Cadillac Deville alternator troubleshooting

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Hello everyone, I am trying to help a friend with his 1998 Cadillac Deville after the alternator completely stopped charging and left him stranded. I thought it was going to need an alternator, but I just checked it out and found that neither of the two wires on the alternator's plug have power with the key on or with the engine running. I was expecting one of the wires to be the signal to turn the alternator on when the ignition is on and light a test light like on the other cars I have worked on, but neither wire has any power. Unfortunately I have not been able to find much information on the wiring, the only diagram I found is this one. From what I can tell, the grey wire (F terminal) is just to tell the PCM what the alternator is doing and the red wire (L terminal) is for the battery light. So which wire tells the alternator to turn on? Is it just activated through the battery light? I have never been so confused by an alternator wiring diagram.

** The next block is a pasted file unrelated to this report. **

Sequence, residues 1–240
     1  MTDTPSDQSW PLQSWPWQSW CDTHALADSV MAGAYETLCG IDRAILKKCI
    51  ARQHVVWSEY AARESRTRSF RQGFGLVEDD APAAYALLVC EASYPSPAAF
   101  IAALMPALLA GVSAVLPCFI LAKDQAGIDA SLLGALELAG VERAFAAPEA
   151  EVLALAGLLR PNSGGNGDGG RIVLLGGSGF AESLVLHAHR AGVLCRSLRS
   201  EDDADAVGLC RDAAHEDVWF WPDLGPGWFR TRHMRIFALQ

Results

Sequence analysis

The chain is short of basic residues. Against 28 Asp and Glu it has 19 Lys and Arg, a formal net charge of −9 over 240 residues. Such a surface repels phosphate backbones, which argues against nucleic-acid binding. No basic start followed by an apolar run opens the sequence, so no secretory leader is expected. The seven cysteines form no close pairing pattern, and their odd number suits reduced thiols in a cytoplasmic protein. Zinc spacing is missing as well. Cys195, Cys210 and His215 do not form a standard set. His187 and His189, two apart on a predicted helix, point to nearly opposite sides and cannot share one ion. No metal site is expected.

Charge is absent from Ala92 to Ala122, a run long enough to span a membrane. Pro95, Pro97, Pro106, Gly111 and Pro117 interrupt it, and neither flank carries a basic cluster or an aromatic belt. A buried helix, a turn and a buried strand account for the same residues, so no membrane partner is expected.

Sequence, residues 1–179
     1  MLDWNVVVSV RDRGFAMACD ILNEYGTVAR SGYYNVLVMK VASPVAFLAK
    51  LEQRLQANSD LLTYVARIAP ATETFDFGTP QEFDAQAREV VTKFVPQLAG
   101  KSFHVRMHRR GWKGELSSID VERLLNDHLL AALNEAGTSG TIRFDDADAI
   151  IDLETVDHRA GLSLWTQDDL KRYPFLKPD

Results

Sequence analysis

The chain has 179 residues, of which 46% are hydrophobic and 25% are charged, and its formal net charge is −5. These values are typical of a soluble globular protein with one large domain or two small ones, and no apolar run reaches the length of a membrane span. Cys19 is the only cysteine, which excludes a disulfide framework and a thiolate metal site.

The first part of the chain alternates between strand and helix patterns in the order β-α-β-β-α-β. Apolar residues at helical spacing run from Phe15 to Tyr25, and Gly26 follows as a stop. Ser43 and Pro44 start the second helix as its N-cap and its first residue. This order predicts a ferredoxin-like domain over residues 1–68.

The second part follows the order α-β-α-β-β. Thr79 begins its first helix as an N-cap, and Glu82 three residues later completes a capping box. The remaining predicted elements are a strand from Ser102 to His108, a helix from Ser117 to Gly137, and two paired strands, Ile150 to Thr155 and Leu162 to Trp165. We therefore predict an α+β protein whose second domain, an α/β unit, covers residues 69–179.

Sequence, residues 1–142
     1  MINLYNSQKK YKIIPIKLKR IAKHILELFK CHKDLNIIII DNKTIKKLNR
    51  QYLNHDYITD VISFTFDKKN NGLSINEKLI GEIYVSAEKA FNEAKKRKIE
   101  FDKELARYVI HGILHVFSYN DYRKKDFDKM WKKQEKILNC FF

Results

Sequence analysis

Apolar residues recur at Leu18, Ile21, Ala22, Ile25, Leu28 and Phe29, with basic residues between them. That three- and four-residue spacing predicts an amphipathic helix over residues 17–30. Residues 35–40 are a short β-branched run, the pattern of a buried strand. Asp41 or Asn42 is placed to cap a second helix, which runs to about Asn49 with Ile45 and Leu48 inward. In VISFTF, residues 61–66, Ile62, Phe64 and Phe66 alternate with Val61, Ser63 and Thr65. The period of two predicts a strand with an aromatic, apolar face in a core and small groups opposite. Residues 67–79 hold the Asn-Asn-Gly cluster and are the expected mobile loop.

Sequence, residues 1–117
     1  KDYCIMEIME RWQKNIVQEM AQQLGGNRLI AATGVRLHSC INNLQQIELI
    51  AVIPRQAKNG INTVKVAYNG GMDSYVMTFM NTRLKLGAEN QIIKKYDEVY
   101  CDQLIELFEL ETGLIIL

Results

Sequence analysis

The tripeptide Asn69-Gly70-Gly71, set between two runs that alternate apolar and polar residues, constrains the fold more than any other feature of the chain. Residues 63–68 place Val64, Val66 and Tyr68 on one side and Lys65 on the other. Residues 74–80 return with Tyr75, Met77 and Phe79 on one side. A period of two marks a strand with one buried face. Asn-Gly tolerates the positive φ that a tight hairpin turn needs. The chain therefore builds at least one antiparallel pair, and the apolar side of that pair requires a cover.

Thanks in advance for any help, it is greatly appreciated! :)

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That grey wire going off to the "generator feedback module" holds all your gremlins, but you'll want the Cadillac FSM for diagnostics. F= "Field."

The battery light wire could be an issue if you had it directly wired to an incandescent bulb (which burns out) but since it's another solid state module that make that hard to diagnose as well. Sometimes they want a "pure" +14V power source to sample to see what the alt is actually putting out, one not spliced into other fuse boxes and current drawing circuits. That said, I think you should find +12V there.

Car might do monkey business like "soft starting" the alt a few seconds after the engine catches which is why they put the PCM in control.
 
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Avery4

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That grey wire going off to the "generator feedback module" holds all your gremlins, but you'll want the Cadillac FSM for diagnostics. F= "Field."

The battery light wire could be an issue if you had it directly wired to an incandescent bulb (which burns out) but since it's another solid state module that make that hard to diagnose as well. Sometimes they want a "pure" +14V power source to sample to see what the alt is actually putting out, one not spliced into other fuse boxes and current drawing circuits. That said, I think you should find +12V there.

Car might do monkey business like "soft starting" the alt a few seconds after the engine catches which is why they put the PCM in control.